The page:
While both approaches can help an advisory firm achieve its owner’s goals, the hares tend to make more mistakes along the way than do the tortoises. Consequently, it usually takes them longer to get to the finish line. Here’s how female advisors do it better and take home more.
Female owners focus on taking care of their clients.
Rather than building a firm to grow, successful female owners build their firms to attract clients by focusing on client service. In my experience, women tend to be less sales-oriented than men (which may be why more women are attracted to financial planning than to securities brokerage). Instead, they tend to focus on great client service to both retain the clients they have and to get them to refer their friends.
So rather than worrying so much about “rainmaking,” female owners often take a “build it and they will come” approach by creating a firm that builds strong bonds with the clients through personal relationships with the advisors and the staff, as well as professional relationships.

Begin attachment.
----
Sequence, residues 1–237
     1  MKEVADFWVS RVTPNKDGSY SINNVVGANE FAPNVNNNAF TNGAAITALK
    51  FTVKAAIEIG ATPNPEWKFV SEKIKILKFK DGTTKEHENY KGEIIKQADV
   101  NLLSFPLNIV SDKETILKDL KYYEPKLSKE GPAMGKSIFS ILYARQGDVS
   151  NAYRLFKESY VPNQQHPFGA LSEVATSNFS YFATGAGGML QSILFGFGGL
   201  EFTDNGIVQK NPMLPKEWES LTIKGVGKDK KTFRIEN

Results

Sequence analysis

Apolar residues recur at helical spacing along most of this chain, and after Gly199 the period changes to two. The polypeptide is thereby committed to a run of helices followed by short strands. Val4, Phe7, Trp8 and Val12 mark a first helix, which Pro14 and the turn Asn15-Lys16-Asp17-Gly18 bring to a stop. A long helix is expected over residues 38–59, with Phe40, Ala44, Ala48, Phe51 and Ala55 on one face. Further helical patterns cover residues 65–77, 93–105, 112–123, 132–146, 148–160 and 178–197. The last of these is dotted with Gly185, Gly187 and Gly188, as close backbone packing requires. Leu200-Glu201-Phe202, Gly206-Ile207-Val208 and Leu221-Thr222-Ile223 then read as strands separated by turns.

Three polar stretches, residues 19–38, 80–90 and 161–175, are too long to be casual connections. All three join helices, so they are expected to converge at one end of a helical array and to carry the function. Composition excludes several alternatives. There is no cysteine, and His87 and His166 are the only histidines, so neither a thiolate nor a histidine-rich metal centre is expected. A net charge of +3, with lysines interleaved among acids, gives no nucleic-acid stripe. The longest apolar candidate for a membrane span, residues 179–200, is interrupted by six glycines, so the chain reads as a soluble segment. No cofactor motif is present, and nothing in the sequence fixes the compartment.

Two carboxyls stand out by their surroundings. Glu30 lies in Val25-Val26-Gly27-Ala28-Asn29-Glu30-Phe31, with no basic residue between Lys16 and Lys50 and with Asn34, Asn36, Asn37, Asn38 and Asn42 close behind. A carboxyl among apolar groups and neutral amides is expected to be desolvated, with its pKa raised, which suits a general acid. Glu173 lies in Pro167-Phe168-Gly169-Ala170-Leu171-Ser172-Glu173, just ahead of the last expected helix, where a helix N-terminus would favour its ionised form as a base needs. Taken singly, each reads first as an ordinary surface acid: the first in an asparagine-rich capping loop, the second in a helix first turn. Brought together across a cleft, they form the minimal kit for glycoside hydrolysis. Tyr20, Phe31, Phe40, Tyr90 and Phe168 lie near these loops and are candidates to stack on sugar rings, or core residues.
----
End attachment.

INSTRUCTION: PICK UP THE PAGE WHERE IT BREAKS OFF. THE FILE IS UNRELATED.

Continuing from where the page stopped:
They spend a lot of time designing the right client services, building a formal process to deliver those services consistently, and providing client experience programs so that all clients will feel the right connection to their firm.
Female owners focus on employee training.
Rather than being sales-oriented, women tend to be more oriented toward teaching. They teach their clients about investing and the financial planning process, and they teach their employees about serving the firm’s clients and its client experience process.
We find that better trained employees not only perform better (duh!), but are also much happier in their jobs. Consequently, their firms tend to have better, more consistent client service and higher employee productivity. That means they can do more with less—and generate those higher owner returns.
Female owners focus on teamwork.
I know there are exceptions to every generalization. Yet in my experience, female firm owners tend to see themselves less as “the star” and more as a member of a team. They enjoy working with their employees toward a single goal: caring for their clients. They often view their employees as “family.” This approach also increases efficiency and employee motivation. We find that when firms reach the point where everyone is working together, they really start to take off.
Female owners focus on listening to their employees.